Our single best asset in this whole thing is the ability to construct a separate living unit above the garage. I go into detail on why that’s a great thing (and a rare opportunity) in this post. So we have that going for us. BUT. We have to build it to see the future value of our house support the improvement costs. So we can’t just build the addition now and do the carriage house in a later phase. And we can’t build the carriage house first and do the addition later – we’d be completely landlocked at that point. So it’s all or nothing, and at the moment we’re still nothing.

We’re much closer than we were last April to that magic number, but we’re still not there. We met with contractor #1 in early July, and we’ve petitioned our lender again for some leniency, but to no avail. It’s frustrating to know how to do something and be able to afford to do something, and still be told that we can’t do something. We have another hybrid plan that we’re trying now, and I want to be optimistic again. But I’m guarded about it. I’m not up for that third ugly cry anytime soon.

This isn’t a great story. It involves a lot of disappointment and long stretches of sadness and regrouping. We’ve continued to knock off some of the interior projects on the existing house as we go, and those are good things that we enjoy. The fireplace might be at the top of that list. We’ve helped my sister on her new house, and that’s been exciting and also a little hard to watch. We’ve seen friends plan and implement their own renovations and we’ve wondered how we’ve managed to have a project that nobody wants to do when everyone else seems to be able to line up help and expertise with no sweat. It’s not a place of jealousy where I write this, just a place of sadness that we haven’t been able to complete this project with our girls. I want them to be a part of it because we’ve included them in the process so much already.

They love our home, and don’t want to leave. I’m with them.

Here’s tiny F next to giant scaffolding during our last major project phase. She’s nine now, and three times this size, so we’re overdue another overhaul. It’s good for the soul, a little dust up, I say. We’ll take all finger crossing you can manage our way.

3 Responses to the post everyone wants to read and i don’t want to write

  1. different set of eyes on the plans, perhaps?

  2. Thank you so so much for sharing. Be encouraged! You are doing a hard but valuable thing, and persisting in it despite the instant-gratification culture that we swim in.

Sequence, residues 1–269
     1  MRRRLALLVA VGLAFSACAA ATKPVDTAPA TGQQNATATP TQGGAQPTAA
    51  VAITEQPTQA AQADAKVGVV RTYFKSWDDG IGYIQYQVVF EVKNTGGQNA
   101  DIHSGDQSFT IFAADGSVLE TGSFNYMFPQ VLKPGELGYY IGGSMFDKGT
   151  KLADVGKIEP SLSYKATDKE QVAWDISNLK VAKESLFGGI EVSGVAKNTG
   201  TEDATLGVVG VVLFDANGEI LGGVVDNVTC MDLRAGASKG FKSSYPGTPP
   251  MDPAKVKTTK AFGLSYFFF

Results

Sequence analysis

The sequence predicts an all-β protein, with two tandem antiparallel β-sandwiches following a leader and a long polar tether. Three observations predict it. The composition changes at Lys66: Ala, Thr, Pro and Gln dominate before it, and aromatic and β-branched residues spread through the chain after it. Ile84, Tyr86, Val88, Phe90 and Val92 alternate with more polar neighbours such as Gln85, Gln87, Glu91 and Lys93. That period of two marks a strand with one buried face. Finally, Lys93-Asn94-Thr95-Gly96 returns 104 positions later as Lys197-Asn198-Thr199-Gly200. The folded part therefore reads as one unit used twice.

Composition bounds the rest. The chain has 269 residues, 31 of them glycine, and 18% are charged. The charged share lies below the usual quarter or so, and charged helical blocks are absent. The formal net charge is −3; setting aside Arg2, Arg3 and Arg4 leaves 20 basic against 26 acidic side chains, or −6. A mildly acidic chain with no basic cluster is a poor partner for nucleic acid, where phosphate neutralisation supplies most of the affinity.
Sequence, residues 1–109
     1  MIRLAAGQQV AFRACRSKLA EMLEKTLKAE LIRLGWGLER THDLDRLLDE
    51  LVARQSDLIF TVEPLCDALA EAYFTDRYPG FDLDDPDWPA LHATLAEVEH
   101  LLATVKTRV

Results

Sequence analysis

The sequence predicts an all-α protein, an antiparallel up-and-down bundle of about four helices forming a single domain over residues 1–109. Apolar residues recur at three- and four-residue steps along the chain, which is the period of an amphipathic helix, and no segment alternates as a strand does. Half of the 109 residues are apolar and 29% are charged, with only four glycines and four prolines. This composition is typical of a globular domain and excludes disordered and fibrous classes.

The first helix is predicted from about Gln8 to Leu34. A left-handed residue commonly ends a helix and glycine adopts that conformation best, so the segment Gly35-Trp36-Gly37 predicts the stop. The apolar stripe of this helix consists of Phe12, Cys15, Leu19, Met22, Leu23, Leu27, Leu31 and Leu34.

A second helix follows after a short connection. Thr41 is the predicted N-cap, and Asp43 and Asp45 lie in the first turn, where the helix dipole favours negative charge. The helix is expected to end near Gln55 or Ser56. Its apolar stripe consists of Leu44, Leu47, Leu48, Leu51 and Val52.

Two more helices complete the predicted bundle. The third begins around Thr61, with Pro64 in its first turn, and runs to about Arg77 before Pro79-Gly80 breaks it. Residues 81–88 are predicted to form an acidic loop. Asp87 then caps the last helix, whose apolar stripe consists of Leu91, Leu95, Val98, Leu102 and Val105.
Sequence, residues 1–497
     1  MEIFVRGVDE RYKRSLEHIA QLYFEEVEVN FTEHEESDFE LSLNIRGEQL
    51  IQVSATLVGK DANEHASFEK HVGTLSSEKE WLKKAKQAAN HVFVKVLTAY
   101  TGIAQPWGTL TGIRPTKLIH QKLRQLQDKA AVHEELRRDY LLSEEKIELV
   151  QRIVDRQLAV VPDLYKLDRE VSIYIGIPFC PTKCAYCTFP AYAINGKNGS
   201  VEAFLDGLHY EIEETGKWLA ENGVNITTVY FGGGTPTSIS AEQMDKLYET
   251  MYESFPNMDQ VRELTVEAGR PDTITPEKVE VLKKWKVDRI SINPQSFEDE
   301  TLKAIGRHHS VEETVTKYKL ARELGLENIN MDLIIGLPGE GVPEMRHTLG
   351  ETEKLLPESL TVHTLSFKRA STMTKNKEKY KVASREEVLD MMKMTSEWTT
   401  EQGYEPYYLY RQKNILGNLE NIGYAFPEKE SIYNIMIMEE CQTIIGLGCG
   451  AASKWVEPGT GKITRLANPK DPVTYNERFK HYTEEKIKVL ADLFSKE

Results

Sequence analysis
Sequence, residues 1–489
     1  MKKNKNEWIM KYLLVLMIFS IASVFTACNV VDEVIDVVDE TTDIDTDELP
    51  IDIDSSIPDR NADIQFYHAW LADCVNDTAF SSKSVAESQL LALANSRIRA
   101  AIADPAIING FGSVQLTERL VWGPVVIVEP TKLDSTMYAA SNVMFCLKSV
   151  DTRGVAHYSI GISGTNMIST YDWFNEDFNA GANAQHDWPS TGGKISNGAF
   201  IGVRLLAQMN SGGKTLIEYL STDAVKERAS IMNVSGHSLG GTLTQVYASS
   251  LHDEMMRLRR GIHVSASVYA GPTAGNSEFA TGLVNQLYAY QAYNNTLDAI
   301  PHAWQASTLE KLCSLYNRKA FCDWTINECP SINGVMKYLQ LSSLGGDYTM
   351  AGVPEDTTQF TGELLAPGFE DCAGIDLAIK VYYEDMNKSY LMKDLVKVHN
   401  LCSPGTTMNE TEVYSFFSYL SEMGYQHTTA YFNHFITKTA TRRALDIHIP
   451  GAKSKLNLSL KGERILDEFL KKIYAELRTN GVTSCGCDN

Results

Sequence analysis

We are going through a renovation/addition on our house right now that I designed/drew, and 2 contractors looked at the plans and ran for the hills. I was discouraged at the time, but I think many builders just want to do quick easy jobs and don’t see the value in putting new life into an older structure. Thankfully, one contractor stuck it out, and I thank him every day for dealing with fiddly details like making the roofs and floors match up. It is not simple to match new construction to existing when you also have to take into account codes and contemporary construction methods!

    I do have moments of self-doubt about the amount of money we are putting into it vs resale, but then I think it is SO worth it for the kids to see us shape our environment in such an intimate way—and for them to watch it being built, piece by piece, day by day. Our SF price is high as well, but we are aiming for a right-sized house that respects what was there before, which is more important to me than raw square footage.

    I think it’s part of being an architect to build for yourself—-both DIY and bigger projects. To experience the freedom/torture of designing for yourself, and the thrill of the built design. You COULD buy something else, but it would never be YOURS in the same way.

    Anyhow, it’s great to get an update with all the ups and downs—-in my book, real life beats HGTV any day. 🙂

    • Thank you. This really means a lot to me. I’m hoping that we’ll get some encouraging news again soon. I’d love to know more about your project!